An Executive Director's point of view
May 09, 2016: Freebies for VIPs
If the group is small and unlikely to grow quickly, such as past Presidents, founders, or a particular political leader, that may not pose a major problem.
But if you want to offer such a benefit to members over a certain age, long-standing members, judges, elected officials, or all former Board members, you make be taking a big financial hit.
It may be better to find other ways to honor these people.
April 19, 2016: Dump the grace period
You should do that for publications, too.
March 29, 2016: Investing in customers
"It is a philosophy to be embraced by every employee, from the CEO to the most recent hire."
And adopting that policy is a good investment for the association.
March 20, 2016: Quality, price, and service
I don't want to be wined and dined, offered gifts or perks, or given other incentives.
I don't want to hear the salesperson's personal story (even if it's true).
I don't care what school the salesperson attended, where that person grew up, or any other personal "connections" we may have.
I do not want to become the salesperson's friend.
I just want high quality, a reasonable price, and excellent service.
This is a business transaction, not a social encounter. So I stick to business.
February 12, 2016: Change your cell number
February 03, 2016: Out of sight, out of mind
Be sure to communicate with remote employees, traveling employees, part-time employees, independent contractors, and maybe some vendors or consultants, too.
Password changes, office closings, reimbursement processes, technology repair, travel policies, and myriad association matters need to be communicated to a whole lot of people.
Be sure to remember them all.
October 28, 2015: Early payment (too early)
Ask the member if the early payment had been intended. It often wasn't. The member may have forgotten the payment had already been made, and paid a second time.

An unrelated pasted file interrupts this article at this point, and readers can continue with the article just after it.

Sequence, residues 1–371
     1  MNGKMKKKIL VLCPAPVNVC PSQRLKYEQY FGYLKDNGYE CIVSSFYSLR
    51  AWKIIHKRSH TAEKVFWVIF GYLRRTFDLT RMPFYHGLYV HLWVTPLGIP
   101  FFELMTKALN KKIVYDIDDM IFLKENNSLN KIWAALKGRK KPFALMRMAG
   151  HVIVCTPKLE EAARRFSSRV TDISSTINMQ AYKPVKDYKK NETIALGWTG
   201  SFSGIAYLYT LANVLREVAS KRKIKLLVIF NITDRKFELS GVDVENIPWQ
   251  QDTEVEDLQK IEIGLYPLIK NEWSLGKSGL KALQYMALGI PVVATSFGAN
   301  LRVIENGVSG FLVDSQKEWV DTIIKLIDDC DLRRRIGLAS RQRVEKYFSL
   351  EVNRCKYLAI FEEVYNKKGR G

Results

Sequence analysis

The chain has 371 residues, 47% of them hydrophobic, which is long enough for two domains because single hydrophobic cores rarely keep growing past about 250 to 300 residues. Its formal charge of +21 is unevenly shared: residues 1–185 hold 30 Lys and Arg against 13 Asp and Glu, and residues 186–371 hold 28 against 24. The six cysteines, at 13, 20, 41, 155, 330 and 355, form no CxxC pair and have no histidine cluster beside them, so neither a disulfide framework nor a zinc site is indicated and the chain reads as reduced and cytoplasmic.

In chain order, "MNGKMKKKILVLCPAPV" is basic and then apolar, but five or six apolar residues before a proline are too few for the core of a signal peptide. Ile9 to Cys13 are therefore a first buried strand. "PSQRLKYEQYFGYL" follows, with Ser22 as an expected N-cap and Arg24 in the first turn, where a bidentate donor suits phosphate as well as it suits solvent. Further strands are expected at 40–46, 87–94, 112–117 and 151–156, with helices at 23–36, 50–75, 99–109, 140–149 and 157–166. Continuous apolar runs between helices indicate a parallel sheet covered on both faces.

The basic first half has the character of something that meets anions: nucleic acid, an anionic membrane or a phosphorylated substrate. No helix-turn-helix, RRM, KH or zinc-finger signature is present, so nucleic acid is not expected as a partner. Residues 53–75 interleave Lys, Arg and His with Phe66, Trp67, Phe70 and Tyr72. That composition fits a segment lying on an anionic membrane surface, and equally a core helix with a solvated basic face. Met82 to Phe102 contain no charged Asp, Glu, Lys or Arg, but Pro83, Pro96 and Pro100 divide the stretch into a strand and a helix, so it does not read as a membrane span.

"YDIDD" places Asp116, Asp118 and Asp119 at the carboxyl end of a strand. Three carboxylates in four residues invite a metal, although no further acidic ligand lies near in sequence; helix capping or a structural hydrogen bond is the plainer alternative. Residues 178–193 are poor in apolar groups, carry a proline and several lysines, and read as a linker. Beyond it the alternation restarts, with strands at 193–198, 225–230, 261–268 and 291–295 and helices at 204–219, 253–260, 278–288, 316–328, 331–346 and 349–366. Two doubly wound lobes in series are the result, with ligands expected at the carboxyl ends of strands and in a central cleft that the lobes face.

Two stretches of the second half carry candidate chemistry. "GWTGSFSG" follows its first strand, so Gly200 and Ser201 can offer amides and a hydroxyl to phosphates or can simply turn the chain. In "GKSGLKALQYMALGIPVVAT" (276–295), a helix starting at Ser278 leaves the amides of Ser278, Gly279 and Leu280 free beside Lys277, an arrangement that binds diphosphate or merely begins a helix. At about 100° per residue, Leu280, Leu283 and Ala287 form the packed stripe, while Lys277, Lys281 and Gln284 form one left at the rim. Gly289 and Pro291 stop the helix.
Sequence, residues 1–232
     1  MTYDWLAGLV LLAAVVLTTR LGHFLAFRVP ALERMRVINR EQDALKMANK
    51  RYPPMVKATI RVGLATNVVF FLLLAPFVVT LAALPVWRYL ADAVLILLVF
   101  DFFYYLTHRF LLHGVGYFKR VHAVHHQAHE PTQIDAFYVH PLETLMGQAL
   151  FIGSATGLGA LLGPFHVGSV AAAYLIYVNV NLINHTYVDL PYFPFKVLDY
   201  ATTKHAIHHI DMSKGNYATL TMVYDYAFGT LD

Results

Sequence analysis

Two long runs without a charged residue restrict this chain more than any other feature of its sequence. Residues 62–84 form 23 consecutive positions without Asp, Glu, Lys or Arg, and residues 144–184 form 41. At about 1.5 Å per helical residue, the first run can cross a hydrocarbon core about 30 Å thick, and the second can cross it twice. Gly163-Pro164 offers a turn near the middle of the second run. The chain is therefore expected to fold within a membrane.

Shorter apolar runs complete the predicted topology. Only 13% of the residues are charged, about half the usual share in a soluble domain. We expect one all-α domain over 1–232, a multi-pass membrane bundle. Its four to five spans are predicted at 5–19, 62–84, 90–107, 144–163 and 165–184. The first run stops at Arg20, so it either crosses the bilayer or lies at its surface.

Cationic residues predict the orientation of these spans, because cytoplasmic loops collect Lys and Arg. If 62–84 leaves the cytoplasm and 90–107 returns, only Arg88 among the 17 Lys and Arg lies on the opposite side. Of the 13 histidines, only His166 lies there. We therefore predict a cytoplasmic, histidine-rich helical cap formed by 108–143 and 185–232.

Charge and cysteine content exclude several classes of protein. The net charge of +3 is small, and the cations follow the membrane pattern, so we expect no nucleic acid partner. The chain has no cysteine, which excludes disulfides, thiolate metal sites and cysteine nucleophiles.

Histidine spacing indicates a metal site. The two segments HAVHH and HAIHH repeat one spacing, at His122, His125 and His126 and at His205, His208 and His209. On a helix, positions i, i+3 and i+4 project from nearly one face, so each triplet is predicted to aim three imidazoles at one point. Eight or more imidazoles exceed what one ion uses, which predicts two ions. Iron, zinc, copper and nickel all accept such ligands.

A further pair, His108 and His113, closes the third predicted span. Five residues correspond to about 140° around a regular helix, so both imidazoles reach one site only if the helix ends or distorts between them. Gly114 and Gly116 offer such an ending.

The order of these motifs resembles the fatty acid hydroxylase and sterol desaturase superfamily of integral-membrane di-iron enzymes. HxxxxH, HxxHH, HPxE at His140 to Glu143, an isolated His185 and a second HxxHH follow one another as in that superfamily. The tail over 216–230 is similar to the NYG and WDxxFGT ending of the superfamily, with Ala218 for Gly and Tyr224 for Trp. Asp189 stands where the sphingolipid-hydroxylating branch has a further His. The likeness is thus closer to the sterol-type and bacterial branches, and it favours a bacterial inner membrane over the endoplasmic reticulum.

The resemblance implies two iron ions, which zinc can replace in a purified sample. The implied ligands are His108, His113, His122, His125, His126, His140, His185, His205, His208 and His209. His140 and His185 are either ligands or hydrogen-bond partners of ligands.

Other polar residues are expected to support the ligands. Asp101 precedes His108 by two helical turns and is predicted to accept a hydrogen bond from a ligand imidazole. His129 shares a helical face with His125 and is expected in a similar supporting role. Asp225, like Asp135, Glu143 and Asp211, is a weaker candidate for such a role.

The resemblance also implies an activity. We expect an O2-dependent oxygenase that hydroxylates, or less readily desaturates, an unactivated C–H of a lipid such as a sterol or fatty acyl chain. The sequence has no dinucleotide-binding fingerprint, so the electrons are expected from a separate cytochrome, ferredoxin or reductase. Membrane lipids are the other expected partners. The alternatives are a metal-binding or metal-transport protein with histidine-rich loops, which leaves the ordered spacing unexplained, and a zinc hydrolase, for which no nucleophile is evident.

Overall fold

Offer to refund the payment or add it for another year of dues - even if your group does not offer multi-year memberships. The member may actually opt for the extra year, rather than admit having made a mistake.
But always ask. It is fairer than simply pocketing the cash, and the member will appreciate having been asked.
October 08, 2015: Nobody asked
LinkedIn is changing how groups operate, claiming it will "make your groups simpler and more relevant." But it didn't ask the groups how to do that or if they even wanted to do that.
Google organizes and highlights email that IT claims is most important to you. But it doesn't ask YOU what you think is important.
Don't do these things in associations. If you want to improve members' experiences, ask them how they think that ought to be done.
And don't lie. Don't claim to know what members and customers think is best. Ask them.
September 04, 2015: The price is right?
I received an invite to an event that did not state the price. So, I assumed it was expensive.
I clicked "register now" and it took me to a page that provided more details about the event. But still, no price.
Normally, I would have deleted the invite at that point, but I was curious, so I continued, even though I no longer had any intention of registering.
After clicking "register now" (again), I found myself on a page that promised to tell me the price for the entire event and for individual portions of the event, in case I didn't want to attend the whole thing.
Only when I clicked one of those choices, was I given the price.
If you don't state the price up front, it gives the impression you are hiding it because you know it's too high.
If your event has value, you won't have to hide the price.